Oliveaire - South Asian Events

Oliveaire provides the hospitality industry a channel to explore the ethnic event market influenced with culture and tradition. Clients are able to depend upon our knowledge and understanding of the unique needs of the customs, meal preferences, and accommodations generated by these events. Our team, with its ethnic background, has been our cornerstone in provding our clientele the best service in the wedding and special event market.

Friday, August 23, 2013

When Choosing Your Menu

In the Indian culture, food is not only an integral part during a wedding, but for every occasion as well.  And since a wedding is one of the most important days in a person’s life, they make sure the food is nothing less than delicious and grand.  Traditionally the food is chosen by the bride’s parents and sometimes with the approval of the groom’s parents as well.  There are many courses during the reception, and depending where the couple is from in India, this will determine exactly what will be served.  Also, there is many different ways to serve your food such as buffet and family serving style, and there is many ways to have it prepared including a chef or a caterer.   Whatever it may be, guests will enjoy the spices, the flavors, and most importantly the sweets on this momentous occasion.

Foods Intertwine with Location
            Depending on where you and your family are from, this affects what to serve on your big day.  Even though modern Indian brides are stretching away from these food traditions, there is still an element of where their family originated.  Here, I am going to break down the different locations in India and some suggestions on what to serve to your guests.
During an Indian wedding where the couple’s families are from North India, you can expect to find luxurious options of food.  Guests are served finger foods, coffee, soups and even liquor before the main feast.  Some meals may include chicken, mixed vegetables, and Pulao which is a mixture of meat and rice.
Those who are from West India tend to be more on the traditional side.  The meal is usually vegetarian, which includes buttermilk, rice, paan and Kadhi.  Kadhi is a blend of rice, heavy gravy and vegetables.
Indian weddings that are based off of Eastern India traditions combine both the North and the West.  Guests start out with finger foods and drinks, and then are served both vegetarian and non-vegetarian dishes.  This is also served with rice which is their main highlight.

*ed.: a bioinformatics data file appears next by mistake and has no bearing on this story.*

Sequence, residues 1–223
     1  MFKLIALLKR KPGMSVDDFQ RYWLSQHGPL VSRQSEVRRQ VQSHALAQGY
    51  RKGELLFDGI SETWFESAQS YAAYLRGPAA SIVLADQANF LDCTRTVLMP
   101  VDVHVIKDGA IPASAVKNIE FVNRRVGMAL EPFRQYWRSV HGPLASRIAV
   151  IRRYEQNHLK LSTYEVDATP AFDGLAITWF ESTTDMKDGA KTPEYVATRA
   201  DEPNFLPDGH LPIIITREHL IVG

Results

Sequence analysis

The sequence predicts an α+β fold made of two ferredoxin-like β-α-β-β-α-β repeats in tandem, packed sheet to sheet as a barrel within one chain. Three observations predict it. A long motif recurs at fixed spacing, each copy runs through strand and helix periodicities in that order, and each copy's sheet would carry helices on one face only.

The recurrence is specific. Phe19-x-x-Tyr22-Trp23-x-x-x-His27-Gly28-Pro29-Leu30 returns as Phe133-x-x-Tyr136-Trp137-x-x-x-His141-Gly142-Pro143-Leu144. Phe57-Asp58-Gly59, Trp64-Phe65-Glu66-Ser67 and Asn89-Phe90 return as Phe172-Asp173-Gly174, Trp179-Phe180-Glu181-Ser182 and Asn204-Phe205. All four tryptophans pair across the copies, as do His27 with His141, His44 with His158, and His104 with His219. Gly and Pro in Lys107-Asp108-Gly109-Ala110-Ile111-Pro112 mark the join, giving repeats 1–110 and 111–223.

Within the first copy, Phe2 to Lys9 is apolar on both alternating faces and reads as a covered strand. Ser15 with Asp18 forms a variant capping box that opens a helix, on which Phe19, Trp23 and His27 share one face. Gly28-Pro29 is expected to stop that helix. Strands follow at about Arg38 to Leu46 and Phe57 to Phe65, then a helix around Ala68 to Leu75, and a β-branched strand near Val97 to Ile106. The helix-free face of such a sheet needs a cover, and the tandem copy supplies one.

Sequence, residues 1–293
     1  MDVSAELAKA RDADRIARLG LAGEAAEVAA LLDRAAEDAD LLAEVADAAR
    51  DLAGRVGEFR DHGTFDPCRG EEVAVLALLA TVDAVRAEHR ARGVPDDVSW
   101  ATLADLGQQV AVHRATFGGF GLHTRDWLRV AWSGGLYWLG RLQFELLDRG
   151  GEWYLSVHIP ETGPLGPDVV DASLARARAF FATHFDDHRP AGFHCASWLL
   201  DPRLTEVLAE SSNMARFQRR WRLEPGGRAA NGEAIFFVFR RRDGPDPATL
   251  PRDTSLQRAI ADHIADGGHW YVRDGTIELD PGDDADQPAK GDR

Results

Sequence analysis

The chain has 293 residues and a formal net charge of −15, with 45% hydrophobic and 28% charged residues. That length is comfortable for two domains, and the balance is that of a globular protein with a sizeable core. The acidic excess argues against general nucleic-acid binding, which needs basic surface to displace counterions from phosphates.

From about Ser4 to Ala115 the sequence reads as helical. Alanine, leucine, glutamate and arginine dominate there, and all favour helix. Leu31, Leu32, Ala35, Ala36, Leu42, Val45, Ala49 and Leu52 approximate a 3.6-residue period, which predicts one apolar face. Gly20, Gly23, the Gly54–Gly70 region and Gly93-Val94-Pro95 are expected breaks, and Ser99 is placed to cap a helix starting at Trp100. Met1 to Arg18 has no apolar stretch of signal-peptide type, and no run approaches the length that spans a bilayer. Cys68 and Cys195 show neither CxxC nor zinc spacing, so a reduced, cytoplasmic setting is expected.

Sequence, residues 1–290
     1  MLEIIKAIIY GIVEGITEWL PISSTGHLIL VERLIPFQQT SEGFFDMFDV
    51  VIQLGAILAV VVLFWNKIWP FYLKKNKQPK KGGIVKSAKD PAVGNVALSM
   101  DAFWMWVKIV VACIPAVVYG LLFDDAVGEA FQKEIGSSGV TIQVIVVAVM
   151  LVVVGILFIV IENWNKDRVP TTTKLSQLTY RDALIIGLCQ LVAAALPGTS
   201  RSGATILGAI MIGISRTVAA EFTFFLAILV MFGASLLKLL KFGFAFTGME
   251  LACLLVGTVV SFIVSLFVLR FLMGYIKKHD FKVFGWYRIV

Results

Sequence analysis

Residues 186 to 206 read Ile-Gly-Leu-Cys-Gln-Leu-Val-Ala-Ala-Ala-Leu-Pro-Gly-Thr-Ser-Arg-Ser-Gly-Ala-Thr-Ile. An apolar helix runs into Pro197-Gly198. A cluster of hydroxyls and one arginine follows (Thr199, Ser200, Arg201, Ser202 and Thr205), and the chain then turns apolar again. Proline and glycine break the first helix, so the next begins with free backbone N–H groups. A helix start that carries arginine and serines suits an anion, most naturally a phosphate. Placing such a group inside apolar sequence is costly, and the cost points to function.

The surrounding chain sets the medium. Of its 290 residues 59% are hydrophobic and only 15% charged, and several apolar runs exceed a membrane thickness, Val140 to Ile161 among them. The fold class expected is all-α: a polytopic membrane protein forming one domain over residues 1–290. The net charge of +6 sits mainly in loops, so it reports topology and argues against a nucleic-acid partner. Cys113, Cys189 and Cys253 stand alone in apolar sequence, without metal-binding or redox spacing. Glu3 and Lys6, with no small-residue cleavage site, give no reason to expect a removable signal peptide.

Southern Indian weddings start early and end early.  The ceremony is in the morning and the main course is served during lunch hours.  They try and stay with natural foods such as rice and vegetables.  Traditionally this meal is served to guests while they are sitting on the floor, but over the years most have eliminated this tradition. 

            I have been to many Indian weddings, and the sweet table seems to be what everyone looks forward to.  Not only are sweets absolutely delicious, but they also help to ease the spicy taste of the meal.  There are some sweets that are chosen because of the family’s heritage but, the seasonal sweets and ice cream are welcomed by all walks of life due to their universal popularity.  This year we have seen Mango ice cream and Chiroti Rava Rotti being ordered a majority of the time.  Chiroti is a flaky pastry that is wonderful served with Almond milk.  Everyone has a sweet tooth, and with any Indian dessert you decide to serve, you will be sure to make everyone satisfied. 

No matter where you and your families are from, all kinds of Indian food tastes unbelievable.  The combination of the spectacular flavors and the bold spices really make Indian food one of a kind and something everyone can enjoy.  When choosing your menu, even though it is your day, try and remember to include your family’s traditions because this will be very important to generations before you.  After everything that goes on before dinner, you can sit down, relax and have a remarkable meal that everyone will remember.    

BBFN (Bridal Bliss for Now),

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